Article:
Sunday, November 15, 2009

TSR's Weird Little Minigame: Icebergs

It’s hard to know what was going through the minds of the marketing team at TSR when they decided to go ahead and publish the little minigame called “Icebergs” by Tom Wham. Wham also authored Snit’s Revenge (and others), another TSR minigame which originally appeared in an issue of Dragon magazine, several years earlier. The idea of navigating a supertanker through treacherous icy waters seems something more likely to be exciting in the form of an Atari videogame (big at the time), rather than a hex map, turn and counter based game. I’ll say this though, as a wargaming, rpg playing kid I would buy just about any new game TSR put out if I could afford it, and yes, I actually bought this back in the day (along with Saga, Vampyre, and a number of other mini games by Steve Jackson and Mayfair). From that perspective, they might have made a nice little profit from these.

The idea here is to move your ship from one side of the map to the other, avoiding ice floes and icebergs. That’s really it. You can move ice floes and icebergs to impede other players. You can play solo by rolling d6 to randomly determine the movement of floating ice.

Maybe the intent was to give some kids something cool (cold, that is) to think about on their Summer camping trip or in the motor home on the road or something. Too much wind or movement would quickly destroy a game though, due to the small size of the map and counters. I don’t remember ever actually playing this game, it may well have been the first of many games that I’ve bought where this is the case.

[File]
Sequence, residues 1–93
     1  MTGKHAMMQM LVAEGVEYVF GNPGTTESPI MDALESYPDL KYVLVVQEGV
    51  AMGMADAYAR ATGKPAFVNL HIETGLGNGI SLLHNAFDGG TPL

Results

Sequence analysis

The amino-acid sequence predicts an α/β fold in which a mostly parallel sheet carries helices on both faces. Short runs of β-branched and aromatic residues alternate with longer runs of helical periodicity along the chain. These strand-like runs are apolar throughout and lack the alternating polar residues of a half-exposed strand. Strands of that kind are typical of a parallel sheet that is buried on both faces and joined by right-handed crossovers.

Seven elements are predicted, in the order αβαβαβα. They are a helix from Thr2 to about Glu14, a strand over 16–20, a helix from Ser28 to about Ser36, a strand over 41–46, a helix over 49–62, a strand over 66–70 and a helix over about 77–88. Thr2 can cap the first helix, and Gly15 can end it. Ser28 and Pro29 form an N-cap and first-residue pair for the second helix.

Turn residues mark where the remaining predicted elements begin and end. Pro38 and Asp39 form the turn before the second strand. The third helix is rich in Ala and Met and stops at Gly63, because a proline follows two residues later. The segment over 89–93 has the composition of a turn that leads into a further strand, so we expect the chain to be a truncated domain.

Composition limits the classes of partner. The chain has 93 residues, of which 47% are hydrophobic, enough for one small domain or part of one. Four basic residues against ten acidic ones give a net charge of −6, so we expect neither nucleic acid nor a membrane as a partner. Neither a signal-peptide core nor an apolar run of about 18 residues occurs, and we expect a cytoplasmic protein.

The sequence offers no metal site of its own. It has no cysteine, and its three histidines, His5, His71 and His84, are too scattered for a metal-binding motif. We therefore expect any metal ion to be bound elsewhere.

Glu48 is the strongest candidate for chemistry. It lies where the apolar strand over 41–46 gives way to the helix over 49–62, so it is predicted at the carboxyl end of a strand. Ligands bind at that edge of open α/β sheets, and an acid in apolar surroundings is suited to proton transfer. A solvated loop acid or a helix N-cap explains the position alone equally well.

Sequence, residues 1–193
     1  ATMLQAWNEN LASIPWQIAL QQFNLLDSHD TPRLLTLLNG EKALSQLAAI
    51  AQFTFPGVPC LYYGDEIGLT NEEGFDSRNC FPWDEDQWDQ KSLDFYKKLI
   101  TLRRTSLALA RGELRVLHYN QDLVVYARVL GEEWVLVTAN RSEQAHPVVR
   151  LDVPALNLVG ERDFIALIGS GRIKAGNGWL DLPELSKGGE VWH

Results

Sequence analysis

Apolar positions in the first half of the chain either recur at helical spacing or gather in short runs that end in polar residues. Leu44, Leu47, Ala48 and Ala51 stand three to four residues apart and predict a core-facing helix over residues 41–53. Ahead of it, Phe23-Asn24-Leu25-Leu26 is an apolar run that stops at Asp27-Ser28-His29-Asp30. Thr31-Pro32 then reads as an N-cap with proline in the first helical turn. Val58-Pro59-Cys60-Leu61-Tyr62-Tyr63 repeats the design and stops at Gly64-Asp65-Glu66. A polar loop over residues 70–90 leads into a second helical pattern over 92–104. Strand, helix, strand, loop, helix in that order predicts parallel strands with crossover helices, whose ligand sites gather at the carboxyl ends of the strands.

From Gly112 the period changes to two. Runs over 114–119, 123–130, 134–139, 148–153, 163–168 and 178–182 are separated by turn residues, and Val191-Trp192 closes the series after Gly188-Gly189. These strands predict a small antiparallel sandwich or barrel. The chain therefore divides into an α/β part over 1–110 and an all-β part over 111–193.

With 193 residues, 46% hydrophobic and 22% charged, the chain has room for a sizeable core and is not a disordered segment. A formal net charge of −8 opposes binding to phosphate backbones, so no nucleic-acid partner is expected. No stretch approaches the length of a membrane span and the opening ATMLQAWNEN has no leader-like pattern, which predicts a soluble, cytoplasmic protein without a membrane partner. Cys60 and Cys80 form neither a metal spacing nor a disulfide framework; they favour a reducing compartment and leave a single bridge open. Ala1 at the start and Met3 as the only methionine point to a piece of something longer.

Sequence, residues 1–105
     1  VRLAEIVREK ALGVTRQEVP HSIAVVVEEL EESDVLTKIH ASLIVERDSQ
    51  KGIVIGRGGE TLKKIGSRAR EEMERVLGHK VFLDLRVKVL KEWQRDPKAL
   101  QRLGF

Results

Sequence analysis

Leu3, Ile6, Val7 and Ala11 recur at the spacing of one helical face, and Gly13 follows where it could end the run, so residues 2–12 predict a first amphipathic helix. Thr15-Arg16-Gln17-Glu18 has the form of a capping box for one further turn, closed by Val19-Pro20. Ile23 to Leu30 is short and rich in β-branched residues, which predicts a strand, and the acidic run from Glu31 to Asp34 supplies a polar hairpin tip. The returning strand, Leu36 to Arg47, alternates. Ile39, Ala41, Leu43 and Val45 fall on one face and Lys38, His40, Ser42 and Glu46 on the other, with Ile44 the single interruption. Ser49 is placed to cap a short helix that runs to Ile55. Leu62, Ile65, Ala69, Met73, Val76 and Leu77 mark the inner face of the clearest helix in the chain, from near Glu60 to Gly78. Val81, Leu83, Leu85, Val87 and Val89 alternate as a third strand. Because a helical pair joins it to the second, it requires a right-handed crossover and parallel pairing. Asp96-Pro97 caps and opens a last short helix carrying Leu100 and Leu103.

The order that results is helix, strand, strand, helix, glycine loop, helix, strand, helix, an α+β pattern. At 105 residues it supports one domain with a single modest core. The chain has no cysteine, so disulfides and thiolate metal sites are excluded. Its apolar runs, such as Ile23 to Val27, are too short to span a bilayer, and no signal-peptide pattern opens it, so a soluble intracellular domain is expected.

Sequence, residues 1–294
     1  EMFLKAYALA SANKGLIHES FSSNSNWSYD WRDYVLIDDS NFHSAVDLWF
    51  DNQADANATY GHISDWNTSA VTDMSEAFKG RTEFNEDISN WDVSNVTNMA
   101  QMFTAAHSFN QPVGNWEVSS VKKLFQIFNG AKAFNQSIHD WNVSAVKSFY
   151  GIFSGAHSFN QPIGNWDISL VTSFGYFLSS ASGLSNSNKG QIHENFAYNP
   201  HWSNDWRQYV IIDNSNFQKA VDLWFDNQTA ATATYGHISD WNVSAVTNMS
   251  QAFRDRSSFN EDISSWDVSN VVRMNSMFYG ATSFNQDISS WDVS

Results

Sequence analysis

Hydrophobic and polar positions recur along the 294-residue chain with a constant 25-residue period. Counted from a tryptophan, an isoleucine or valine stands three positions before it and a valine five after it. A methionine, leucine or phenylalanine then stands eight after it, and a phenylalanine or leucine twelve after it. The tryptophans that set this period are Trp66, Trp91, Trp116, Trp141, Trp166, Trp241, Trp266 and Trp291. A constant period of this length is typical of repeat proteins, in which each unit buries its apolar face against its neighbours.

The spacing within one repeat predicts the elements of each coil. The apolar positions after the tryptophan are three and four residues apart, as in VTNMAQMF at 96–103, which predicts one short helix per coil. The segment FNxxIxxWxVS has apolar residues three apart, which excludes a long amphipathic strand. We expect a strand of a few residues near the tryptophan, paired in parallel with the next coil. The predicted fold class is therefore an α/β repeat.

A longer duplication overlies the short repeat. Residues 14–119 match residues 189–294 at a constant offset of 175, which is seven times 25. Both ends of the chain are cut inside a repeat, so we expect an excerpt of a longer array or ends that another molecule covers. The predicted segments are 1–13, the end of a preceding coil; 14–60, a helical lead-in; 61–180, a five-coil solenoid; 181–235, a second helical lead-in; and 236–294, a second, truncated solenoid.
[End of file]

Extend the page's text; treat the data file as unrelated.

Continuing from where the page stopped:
Here are some scans:

Map Detail
Map Detail - Ship Stats

Counters (This scan is of the counters actually printed on the inside of the rear cover, kind of nice in case you lost the heavier card-stock counters. The originals came in eight colors.)

Saturday, November 14, 2009

The Beagle Rolls a d30

I've been busy replacing the computer, cleaning the office, and other mundane tasks the last few days... today I apparently ignored the dogs a little too much. While I was taking a shower, the beagle jumped up into my chair, grabbed the Crown Royal bag of dice off of the desk, and proceeded to get the thing open and spill the Gamescience and expensive casino dice on the floor. Fortunately none of them were chewed up and damaged, and I thought I'd found and put them all away again in the bag (I wonder if the velvet texture reminded her off one of her toys?), when a few minutes later I saw her playing with what appeared to be a small black walnut. She's always finding acorns and nuts from outside and bringing them in, and then tossing them around for herself to chase like a kitten or something. I'm glad I took a closer look and pulled it out of her mouth, as it was one of the hard to find d30 Gamescience dice and not a walnut at all. Grrr!